Reefer Madness! Two new ads mean high times at the New York Times.
August 4, 2014
The bastion of left wing liberal media, none other than the New York Times, last Sunday accepted for publication two ads all about legalized marijuana. One from a for profit company called Leafly, which is basically “the Yelp for information about legal cannabis.” In other words, where to find it and how good it is. In the same issue the Times also published an ad for an institution squarely against legalized, marijuana: grassisnotgreener.com. An affiliate of Project SAM, or Smart approaches to Marijuana, their ad warns of the dangers inherent in legalizing this “highly addictive drug.”
AdAge posted a comprehensive story about the event, well worth reading.
And make no mistake this is an event. For over 150 years, the venerable “Grey Lady” has been the benchmark publication for any and all “news that’s fit to print.” The fact that it has run an ad for where to buy pot is truly historic and gives the burgeoning enterprise true credibility. Which, of course, is exactly what grassisnotgreener is worried about.
Cynics may rightly point out that the NY Times took either ad at least partly because they needed the money. Perhaps. Like all newspapers in the digital age, it is struggling mightily to stay in business. Still, the Times have forsaken profits for years just to stay credible. Does taking this sort of advertising change that?
In my opinion: no. But there are likely other opinions. Rather than debate the issue –plenty of folks will do that- let’s look at the ads. After all, this is a blog about advertising.
The Leafly ad (above) depicts two overtly healthy and successful people. A young woman is jogging past an elegant brownstone, where we also see an executive upon the steps. Call outs tell us that both persons legally use marijuana for health reasons. The headline below them: Just Say Know. Obviously, this is a play on the (in) famous “Just Say No” campaign from the 1980’s, in which Nancy Reagan and others beseeched young people to forgo the temptations of illicit drugs. “Why do you think they call it dope?” was another beauty from the era.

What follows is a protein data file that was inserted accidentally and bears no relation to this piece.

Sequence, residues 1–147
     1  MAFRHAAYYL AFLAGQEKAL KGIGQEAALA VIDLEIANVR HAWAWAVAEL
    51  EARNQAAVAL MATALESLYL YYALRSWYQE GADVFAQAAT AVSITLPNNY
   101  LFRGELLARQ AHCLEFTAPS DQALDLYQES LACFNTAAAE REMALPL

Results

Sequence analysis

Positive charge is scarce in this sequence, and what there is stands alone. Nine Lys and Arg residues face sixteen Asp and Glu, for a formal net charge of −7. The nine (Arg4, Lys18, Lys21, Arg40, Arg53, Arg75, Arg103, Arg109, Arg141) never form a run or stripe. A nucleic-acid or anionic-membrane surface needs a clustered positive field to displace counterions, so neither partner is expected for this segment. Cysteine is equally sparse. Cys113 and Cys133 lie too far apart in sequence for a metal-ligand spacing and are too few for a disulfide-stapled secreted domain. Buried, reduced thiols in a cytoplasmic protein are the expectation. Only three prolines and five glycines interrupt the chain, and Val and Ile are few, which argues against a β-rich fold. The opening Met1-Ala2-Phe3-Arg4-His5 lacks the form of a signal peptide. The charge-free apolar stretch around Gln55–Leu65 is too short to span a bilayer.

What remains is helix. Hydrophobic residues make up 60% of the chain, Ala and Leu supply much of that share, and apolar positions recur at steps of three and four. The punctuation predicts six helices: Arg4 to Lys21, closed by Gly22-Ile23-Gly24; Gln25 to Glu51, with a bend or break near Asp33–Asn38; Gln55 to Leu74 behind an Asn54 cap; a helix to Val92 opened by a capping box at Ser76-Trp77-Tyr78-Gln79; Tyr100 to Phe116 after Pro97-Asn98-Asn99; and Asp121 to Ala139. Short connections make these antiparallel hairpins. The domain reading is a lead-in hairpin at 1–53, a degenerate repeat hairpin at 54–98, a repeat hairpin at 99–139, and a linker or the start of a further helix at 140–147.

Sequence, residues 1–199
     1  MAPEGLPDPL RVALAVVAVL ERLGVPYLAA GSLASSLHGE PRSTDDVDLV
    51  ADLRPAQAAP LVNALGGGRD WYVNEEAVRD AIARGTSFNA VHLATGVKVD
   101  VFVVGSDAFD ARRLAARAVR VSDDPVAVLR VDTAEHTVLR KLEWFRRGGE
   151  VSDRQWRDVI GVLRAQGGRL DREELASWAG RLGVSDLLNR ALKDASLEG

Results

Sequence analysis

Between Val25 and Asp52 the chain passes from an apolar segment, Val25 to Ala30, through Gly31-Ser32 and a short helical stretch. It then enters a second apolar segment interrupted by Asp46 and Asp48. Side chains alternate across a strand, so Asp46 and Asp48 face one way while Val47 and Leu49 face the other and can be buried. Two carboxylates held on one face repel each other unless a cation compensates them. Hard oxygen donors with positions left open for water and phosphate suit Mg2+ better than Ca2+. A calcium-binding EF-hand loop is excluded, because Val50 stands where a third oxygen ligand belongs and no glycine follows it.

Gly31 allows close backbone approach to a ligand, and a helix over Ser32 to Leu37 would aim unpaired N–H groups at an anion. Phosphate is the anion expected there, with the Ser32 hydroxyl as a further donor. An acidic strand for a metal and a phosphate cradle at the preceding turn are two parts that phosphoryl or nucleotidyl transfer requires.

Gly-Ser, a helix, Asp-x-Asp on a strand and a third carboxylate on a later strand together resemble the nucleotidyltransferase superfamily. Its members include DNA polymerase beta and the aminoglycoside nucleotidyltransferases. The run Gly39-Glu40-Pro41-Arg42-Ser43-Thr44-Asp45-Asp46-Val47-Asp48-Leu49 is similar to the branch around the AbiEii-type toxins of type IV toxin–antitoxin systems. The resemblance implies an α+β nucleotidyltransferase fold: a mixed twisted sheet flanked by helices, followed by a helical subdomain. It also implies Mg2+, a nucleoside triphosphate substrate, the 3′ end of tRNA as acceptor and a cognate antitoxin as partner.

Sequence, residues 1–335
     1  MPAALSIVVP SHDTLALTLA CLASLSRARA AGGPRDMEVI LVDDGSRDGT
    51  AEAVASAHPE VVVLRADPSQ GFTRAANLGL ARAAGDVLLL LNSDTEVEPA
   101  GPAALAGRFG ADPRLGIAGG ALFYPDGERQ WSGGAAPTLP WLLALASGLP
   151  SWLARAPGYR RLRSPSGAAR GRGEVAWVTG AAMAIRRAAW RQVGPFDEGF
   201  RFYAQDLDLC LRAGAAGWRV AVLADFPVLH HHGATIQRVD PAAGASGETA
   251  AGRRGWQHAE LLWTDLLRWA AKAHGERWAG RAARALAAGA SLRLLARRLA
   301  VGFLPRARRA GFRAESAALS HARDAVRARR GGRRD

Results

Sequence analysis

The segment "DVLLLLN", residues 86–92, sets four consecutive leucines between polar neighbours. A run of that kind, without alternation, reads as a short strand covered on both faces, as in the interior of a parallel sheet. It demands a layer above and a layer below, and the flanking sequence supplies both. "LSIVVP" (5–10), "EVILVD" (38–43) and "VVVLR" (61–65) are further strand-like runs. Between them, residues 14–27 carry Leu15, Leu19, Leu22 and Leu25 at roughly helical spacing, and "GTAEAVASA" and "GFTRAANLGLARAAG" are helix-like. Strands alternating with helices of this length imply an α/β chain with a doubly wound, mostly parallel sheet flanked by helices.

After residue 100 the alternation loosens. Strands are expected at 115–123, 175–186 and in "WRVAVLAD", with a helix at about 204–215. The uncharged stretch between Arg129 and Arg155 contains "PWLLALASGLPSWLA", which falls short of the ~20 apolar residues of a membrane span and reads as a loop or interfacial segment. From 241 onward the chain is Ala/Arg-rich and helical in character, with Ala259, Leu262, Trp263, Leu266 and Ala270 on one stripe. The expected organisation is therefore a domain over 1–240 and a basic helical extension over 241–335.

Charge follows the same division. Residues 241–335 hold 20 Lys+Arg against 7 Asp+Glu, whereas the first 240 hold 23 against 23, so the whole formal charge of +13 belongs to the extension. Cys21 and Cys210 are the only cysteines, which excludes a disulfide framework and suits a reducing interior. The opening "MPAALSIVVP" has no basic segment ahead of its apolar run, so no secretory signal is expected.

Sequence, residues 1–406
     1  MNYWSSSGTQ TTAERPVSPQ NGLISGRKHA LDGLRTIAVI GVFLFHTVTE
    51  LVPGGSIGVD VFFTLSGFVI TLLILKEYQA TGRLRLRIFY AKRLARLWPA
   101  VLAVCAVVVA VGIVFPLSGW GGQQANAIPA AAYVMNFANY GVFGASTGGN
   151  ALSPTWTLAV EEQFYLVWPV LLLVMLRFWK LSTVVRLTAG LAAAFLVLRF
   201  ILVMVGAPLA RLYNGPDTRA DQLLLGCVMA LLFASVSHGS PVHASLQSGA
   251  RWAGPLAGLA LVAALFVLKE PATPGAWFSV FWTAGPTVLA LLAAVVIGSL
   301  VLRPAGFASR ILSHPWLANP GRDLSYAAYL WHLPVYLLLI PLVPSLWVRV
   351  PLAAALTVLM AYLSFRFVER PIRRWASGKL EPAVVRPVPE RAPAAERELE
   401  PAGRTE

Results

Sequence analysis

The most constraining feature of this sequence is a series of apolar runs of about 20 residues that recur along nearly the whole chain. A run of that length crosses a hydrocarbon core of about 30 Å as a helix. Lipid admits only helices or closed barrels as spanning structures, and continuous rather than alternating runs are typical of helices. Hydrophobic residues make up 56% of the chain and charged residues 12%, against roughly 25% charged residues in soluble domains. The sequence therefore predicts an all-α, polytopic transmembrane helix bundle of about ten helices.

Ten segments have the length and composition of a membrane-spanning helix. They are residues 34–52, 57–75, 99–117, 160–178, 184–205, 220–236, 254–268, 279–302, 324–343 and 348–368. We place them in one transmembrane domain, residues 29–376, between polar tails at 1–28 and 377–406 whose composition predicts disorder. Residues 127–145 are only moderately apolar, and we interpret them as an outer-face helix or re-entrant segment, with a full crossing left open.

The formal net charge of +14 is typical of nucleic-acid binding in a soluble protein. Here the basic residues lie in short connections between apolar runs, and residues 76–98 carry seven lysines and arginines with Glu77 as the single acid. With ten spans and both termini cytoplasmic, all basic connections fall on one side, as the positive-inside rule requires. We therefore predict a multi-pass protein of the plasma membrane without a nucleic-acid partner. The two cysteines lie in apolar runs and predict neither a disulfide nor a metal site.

Why the pun? I reckon to show how times have changed. Now it’s not even a debate. Making an informed choice about using this powerful drug is our prerogative, as predicated by the Compassionate Care Act. From a visual perspective, the ad blatantly uses cues denoting prosperity. So much so, it might well be a piece for an investment firm, which, I’ll bet, thousands of Times’ readers thought it was at first glance. Telegraphing affluence and prosperity, Leafly made an ad that looks utterly and predictably respectable. Save for the fact that it’s about smoking pot!
The other ad also borrows another famous ad concept from the eighties. Honestly, it’s a rip off of Rolling Stone magazine’s iconic print campaign, developed by the once glitteringly renowned Fallon/McElligott & Rice of Minneapolis. I’m not completely sure this was intended. The layout is different, not as good. Other things.
Regardless, I’m less comfortable with it. For one thing, the ad seems to say (in keeping with Rolling Stone’s campaign) that the perception of pot is of a hippie while the reality is actually a successful professional. The problem is that the ad intends a completely different message: that legalizing marijuana will lead to a business model just like Big Tobacco, with all its itinerant evil motives.
In my opinion as a creative director, both print ads are thoroughly average. They don’t take advantage of their stage. On the other hand, that might be a good move. You know, for better or worse, pot is business as usual.
The whole thing makes me dazed and confused.